United States Abandoning Capitalism for SocialismEconomics / Government Intervention Jul 30, 2008 - 07:15 PM GMT
Over the past few decades, the United States has steadily evolved from a nation of ‘producers' to one of ‘consumers'. The change has been celebrated by politicians and economists as proof of America's arrival at the top of the global economic food chain. In reality, the development has depleted the nation of its hard-earned wealth, and has led us to the brink of ruin.
But rather than encouraging a return of America's productive energy, our government is responding to the growing economic crisis by simply trying to boost consumerism at all costs. Their strategy involves socializing losses among all citizens so that the depletion can't be easily discerned.
Now that the nation has chosen socialism as its economic salvation, it is worthwhile to examine some historic precedents. They are not encouraging. Europe, the former Soviet block and much of Africa and Asia, show vividly that socialism curbs individual freedom and enterprise, and leads inevitably toward economic decline.
America was blessed both with abundant natural resources and individual freedom, the backbone of enterprise. The combination rendered American productivity the envy of the world. Based on the strength of our industry and productivity, the American Treasury became the world's largest.
Why would America swap a history of successful capitalism for a murky future of socialism? The Answer is politics.
When the vast majority of the country's private sector working population is employed in the service sector, then votes tip in favor of consumerism. This is happening in America. Consumer spending now accounts for 72 percent of Gross Domestic Product (GDP), and is viewed as the engine of our continued prosperity.
Over the past decade, when recession threatened to curtail spending, the government pumped hundreds of billions of dollars into the economy. This led to two massive liquidity-driven booms; first in technology, then in housing. During these booms, greed knew few bounds and leverage became a way of life.
But when the merry-go-round stalled, politicians did not, and will not, allow the normally corrective mechanism of a recession to operate. It is trying to take the pain out of capitalism, while leaving only the pleasure. This is impossible.
In the current attempt at a market correction, the government has decided that our bloated financial companies are “too big to fail”. As a result, the government has lent billions of taxpayers' dollars to bail out Wall Street and the mortgage industry. Some investment banks were given privileged access to the ‘Fed Window' to borrow unlimited amounts of money, secured by ‘junk' securities and at the lowest (negative) interest rates, well below the level of inflation. In addition, the shares of the larger financial companies were also given special ‘short-selling' trading protections.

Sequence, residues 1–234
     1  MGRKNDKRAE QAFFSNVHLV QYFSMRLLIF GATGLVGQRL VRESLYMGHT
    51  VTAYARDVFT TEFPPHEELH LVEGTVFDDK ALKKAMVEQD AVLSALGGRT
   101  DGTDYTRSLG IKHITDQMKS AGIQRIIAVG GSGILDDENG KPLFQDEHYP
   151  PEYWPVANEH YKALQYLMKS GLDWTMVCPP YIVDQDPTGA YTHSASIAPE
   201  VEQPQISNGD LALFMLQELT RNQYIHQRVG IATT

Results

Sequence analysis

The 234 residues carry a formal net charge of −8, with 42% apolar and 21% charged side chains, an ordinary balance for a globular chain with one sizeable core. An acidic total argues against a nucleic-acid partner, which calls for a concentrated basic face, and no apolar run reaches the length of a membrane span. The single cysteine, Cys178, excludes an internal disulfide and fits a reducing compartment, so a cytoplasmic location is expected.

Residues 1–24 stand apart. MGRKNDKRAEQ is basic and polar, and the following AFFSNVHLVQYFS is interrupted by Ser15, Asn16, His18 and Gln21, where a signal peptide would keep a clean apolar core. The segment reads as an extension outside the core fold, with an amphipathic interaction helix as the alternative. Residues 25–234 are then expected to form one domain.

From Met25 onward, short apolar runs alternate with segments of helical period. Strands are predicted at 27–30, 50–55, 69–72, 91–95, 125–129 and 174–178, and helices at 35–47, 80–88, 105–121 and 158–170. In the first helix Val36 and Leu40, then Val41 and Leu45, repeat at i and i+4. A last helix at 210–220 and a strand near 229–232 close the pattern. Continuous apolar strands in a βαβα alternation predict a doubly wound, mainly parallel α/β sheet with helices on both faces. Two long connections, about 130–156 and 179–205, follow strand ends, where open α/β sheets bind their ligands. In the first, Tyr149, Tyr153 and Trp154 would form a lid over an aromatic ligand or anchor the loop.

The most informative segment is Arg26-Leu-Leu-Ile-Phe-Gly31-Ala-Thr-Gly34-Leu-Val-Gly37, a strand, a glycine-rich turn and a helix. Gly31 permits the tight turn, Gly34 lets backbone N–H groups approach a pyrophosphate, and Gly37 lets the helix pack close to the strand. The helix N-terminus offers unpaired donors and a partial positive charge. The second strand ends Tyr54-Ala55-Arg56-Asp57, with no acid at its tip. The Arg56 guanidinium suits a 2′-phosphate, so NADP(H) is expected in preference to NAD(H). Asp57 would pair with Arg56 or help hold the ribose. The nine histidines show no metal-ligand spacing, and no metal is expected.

It is important to note that these protections were not given to other industries, and were not even extended to the entire financial industry. Those receiving the public largesse are precisely the large institutions most responsible for the mess. It was the financial and corporate fat cats who made the private profits gleaned from massive, irresponsible lending and borrowing. Yet, when it comes to rescue, the ordinary citizen pays.
Declining corporate earnings, increased government intervention and higher taxes are tell-tale symptoms of socialism. They can now be expected in America, bringing downward pressure on U.S. government paper and equities. Recession in America will likely reverberate around the world, bringing worldwide strain to economies and equities.
Let us hope that the rest of the world will not follow America's example and head down the road toward socialism. Economies adopting a free market approach are likely to far outperform those embracing the discarded doctrines of financial failure.
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By John Browne
Euro Pacific Capital
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John Browne is the Senior Market Strategist for Euro Pacific Capital, Inc. Mr. Brown is a distinguished former member of Britain's Parliament who served on the Treasury Select Committee, as Chairman of the Conservative Small Business Committee, and as a close associate of then-Prime Minister Margaret Thatcher. Among his many notable assignments, John served as a principal advisor to Mrs. Thatcher's government on issues related to the Soviet Union, and was the first to convince Thatcher of the growing stature of then Agriculture Minister Mikhail Gorbachev. As a partial result of Brown's advocacy, Thatcher famously pronounced that Gorbachev was a man the West "could do business with." A graduate of the Royal Military Academy Sandhurst, Britain's version of West Point and retired British army major, John served as a pilot, parachutist, and communications specialist in the elite Grenadiers of the Royal Guard.
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